My first memory of Crescent school is when I was admitted in Mini –Nursery at the age of 3, and as is customary, it was very difficult for my grandpa to let go off a crying baby for hours in the school. But, they had to, and I needed too. Throwing away a lot of tantrums and crying my vocals out, I would sit in the classroom. With time, the crying baby was pacified by the teachers and A-B-C-D… would then be infused in my little head. Tiffin would get finished even before teacher’s signaled for us to eat it. All those “Put-Your-Head-Down-And-Sit” session acted as the perfect time to commit that crime of treating ourselves with tiffin. Mini-nursery, Nursery, L.Kg, U.Kg, each of it followed one after another. Learning new things in each of the classes we moved class after class. Sport’s day and Annual day used to bring a whole lot of practice sessions, doing those “Do-the-Boogie-Woogie”, participating in various races, but never actually winning it, yet taking huge pleasure in participating in them. Getting promoted to class-1 came along with many more things, you were not just scared of your teacher’s but also your monitors who would write names of students who used to talk in class in the teacher’s absence and when the teacher would come around, those names used to enjoy a small treatment in the hands of the teacher or her evil stick. Bidding goodbye to the morning session came with the good news that we are now going to be big boys of Day-session and you no more had to sacrifice your sleep.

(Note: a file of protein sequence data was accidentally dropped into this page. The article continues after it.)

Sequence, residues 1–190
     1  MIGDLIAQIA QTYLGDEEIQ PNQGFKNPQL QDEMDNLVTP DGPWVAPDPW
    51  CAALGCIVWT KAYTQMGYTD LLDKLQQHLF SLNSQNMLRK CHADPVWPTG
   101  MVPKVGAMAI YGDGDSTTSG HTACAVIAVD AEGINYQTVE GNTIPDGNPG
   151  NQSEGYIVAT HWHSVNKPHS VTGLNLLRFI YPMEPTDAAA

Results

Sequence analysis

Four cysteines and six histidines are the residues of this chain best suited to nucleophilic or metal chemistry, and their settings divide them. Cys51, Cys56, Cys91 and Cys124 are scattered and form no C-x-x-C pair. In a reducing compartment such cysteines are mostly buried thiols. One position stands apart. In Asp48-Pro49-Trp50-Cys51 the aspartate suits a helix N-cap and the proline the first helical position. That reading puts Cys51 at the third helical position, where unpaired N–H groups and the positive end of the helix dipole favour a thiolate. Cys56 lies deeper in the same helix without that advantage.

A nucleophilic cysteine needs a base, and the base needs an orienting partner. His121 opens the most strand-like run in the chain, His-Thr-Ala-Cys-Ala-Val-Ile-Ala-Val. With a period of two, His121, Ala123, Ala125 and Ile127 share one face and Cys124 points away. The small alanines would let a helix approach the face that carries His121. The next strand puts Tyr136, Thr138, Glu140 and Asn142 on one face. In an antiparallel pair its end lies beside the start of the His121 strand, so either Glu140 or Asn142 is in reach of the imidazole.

Day session was like being promoted to a whole new level, where you get to be with the big boys. You were made part of one of the four houses, i.e., Red, Blue, Green & Yellow. You had your assembly with all the other classes where you get to maintain cleanliness and discipline. One new thing also was, starting to write with pens instead of pencils. There were various house competitions taking place at regular intervals and it was so great to be a part of all those and win some of it. It was this time that clearly, carved out the creativity in me. Teacher’s day was another huge celebration, and each class participated in a big way. In our first year in class 4 we staged a play called “Aladdin and the Magic lamp” where I played Aladdin. Many did appreciate it and we were even asked to repeat it in the Annual function, the very next year. Two years, we even staged Qawallis and on one occasion danced on some popular bollywood number too, which was so unusual for me (I’m a terrible dancer, to cut it short ) . Sports now had another addition for us, Charlie Chaplin drill. Not just practicing and performing it was fun but also the preparation of the Hat was interesting, getting that perfect shape used to take hours. Other drills included African dance. Where we got dressed as African tribal’s and even dumb bell drills too.